[I must apologize in advance for all the baby content. A father simply cannot hold back when talking about things that are beautiful and grand.]
More and more I’m beginning to realize I’m the luckiest guy on this blessed earth. I am, and this summer has provided me some respite to dwell on what all is beautiful and grand in my life.
Most of all, I must say it is who I am in Christ. That cuts to the core of what I was made to do and who I will be for eternity. I was made to enjoy God, and all the things he’s made for us. This simple life I have now is just a snapshot of what’s to come.
One of the more beautiful things I have witnessed this summer is my family’s love for each other. It has been a joy to see my grandparents on my side of the family as well as those on my wife’s side, embrace with gladness their grandparent-hood with my son.
Anyways, I wanted to share with you my life, in hopes you’ll find things for yourself that are “grand and beautiful” in yours. I had to work to find them. I don’t always have this perspective, but that’s what I’m out to change.
It was a beautiful year last year, and this is an attempt to capture in a short collection of pics, what has happened, what was most significant, what I loved about 2012.
It was difficult, but I combed through the hundreds of photos that we’ve accumulated since we’ve been here in Turkey, and “voille!”, I give you “2012’s Top Photos!!” To be honest, I could have put up way way more photos of my son, but I restrained myself.
A short animation about memories. It is translated as “The House of Cubes.” This is to hold you over for when I get back from an eastern city in Turkey here. So enjoy it and watch it as many times as you can, and let me know what you think. Peace!
I never would have thought such effort would be necessary for home to feel like “home”. Our new home here in Turkey is slowly starting to feel more and more like home. Many tears of frustration have fallen here, and many arguments wrestled through from the lack of feeling “not at home” but strangers in a strange land. Considering my recent past before our arrival to Turkey, every time I’ve moved in the US to a new location, be it a city or simply a new flat, it wouldn’t take much time ‘til I felt “at home”.
Emily and I have thought long and hard about what exactly made us feel at home, when we did feel at home. Was it being in a neighborhood that we knew? Was it being able to speak with our neighborhoods and knowing the social mannerisms required to meeting them? Was it simply “knowing” our society, so that wherever we went we at least knew where to start our integration into a new city or neighborhood?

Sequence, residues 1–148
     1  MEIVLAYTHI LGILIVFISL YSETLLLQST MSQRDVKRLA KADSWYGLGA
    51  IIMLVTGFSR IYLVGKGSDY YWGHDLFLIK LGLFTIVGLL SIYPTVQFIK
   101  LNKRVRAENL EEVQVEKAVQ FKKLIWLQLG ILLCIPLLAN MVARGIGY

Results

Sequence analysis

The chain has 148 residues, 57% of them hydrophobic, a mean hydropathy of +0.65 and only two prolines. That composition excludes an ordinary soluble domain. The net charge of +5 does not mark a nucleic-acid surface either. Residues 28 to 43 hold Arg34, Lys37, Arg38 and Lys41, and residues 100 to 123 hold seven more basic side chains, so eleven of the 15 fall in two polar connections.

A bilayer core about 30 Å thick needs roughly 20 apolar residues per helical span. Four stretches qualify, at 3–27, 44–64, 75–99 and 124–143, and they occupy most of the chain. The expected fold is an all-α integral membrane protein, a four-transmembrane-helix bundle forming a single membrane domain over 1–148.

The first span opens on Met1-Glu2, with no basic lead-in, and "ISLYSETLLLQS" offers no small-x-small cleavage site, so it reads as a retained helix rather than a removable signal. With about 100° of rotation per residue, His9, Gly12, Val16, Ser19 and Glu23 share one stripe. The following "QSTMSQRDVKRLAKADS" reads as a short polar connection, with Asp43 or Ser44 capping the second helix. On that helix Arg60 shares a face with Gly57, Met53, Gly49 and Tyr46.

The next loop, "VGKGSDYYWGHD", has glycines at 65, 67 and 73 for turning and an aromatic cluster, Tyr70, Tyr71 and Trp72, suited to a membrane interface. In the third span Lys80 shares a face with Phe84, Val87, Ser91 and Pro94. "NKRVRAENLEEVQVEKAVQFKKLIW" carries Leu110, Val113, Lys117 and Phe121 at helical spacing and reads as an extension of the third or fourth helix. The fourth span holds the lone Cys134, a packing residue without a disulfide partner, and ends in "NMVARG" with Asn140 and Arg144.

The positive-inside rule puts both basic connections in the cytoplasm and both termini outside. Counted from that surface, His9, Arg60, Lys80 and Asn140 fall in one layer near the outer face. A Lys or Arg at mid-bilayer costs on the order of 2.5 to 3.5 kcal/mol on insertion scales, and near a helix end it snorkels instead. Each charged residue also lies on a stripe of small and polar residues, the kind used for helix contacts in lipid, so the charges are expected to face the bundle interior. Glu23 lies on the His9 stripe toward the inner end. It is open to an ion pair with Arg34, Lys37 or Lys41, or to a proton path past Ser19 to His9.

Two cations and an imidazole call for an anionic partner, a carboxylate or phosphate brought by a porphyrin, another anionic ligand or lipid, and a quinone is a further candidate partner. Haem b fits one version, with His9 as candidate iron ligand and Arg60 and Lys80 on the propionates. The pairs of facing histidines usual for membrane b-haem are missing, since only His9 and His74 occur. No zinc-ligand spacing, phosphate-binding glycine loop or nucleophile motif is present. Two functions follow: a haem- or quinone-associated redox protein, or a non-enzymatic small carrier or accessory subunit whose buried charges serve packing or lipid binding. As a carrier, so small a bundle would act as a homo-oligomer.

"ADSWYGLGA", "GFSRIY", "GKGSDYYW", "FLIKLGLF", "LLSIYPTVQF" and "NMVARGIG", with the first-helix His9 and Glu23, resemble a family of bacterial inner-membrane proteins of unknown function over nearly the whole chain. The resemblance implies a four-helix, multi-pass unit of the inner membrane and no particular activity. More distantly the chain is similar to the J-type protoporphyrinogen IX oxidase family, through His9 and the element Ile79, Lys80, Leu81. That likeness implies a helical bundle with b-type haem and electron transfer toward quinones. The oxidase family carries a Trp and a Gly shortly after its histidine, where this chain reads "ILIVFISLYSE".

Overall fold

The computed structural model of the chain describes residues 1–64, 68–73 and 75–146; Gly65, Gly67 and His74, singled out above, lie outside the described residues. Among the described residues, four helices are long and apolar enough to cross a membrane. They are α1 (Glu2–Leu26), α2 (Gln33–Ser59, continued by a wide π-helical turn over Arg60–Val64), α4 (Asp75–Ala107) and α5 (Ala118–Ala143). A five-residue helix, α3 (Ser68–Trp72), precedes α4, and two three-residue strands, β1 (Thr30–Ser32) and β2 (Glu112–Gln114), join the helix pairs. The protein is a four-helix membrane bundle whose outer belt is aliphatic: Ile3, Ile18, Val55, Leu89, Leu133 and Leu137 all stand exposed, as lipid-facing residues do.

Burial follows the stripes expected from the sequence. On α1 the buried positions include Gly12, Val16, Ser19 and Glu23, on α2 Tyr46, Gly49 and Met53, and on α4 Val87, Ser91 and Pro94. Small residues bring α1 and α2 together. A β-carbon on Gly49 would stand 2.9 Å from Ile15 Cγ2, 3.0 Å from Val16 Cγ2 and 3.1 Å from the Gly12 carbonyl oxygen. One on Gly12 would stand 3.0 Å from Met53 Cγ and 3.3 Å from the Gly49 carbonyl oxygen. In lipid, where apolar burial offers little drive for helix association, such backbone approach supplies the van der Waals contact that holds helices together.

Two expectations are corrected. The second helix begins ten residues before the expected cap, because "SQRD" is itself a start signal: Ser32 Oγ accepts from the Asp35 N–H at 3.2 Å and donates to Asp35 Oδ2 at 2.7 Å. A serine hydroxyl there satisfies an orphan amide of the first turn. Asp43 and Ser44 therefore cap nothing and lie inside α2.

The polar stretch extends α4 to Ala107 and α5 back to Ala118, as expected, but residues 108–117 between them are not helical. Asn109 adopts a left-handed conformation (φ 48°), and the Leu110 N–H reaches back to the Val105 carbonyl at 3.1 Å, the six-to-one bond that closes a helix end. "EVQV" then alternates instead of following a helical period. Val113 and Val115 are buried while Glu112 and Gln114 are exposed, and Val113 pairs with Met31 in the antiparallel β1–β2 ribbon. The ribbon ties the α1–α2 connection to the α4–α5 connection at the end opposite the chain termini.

We haven’t arrived at a sufficient conclusion, though “familiarity” may remain as our top way for feeling at home. We are growing in our familiarity of our surroundings and I can say, we are beginning to feel at home here in Mersin, Turkey. So many things are different here; from the beautifully tiled flooring, to the way you defensively cross the savage neighborhood streets, to the way you change the way you think in terms of distance (miles to kilometres), weight (pounds to kilograms) and size (inches to metres).
The name of the game seems to be flexibility in the face of extreme adjustments. And the beautiful thing about adjustments are, you get used to them. Life is a complex series of adjustments. One day you got pimples and peer pressure, the next you have college finals, and then a woman ends up in your bed with a ring on her finger who happily says she got it from you. Life is all about adjustments, but for Emily and Inot only are we preparing to start a family, we are preparing to start a family while language learning and culture learning in a new country. A new child will be quite an adjustment, but I honestly can’t wait.
So here I am, feeling quite at home in a still a strange new land, typing away on a familiar keyboard with a very familiar special someone nearby keeping me company…and I can say I’m quite happy!
Original article is found here, on CNN.
The retreat from marriage in Middle America is not a retreat from bearing children. Wedding bands may be out of vogue, but in Middle America, women pushing strollers, diaper bags slung over their shoulders, infants hidden in bundles of blankets, are as common a sight as ever.
But children who grow up in Middle America today are far less likely to grow up with their own parents than they were 30 years ago. By contrast, a greater proportion of children in upscale America live with their mothers and fathers today than they did 30 years ago…..
What should we do?
We don’t go about insisting that the poor are better off left alone in their poverty — as if this were a state they chose and should remain in. Instead, we recognize poverty as an injustice. We set about helping the less fortunate find fortune.
It’s the same with the growing, class-based marriage gap. We can’t just put a bandage on the injustice by, for instance, providing support groups only to single parents, albeit support groups certainly can help. Instead, we should help couples, too, achieve the stability for which they long.”
In the article, she poses the question, “What should we do?” Perhaps having big high-way banners that say, “Need a divorce? Call us for help” making a decision like that as easy as calling a bill-board number.
What do you think?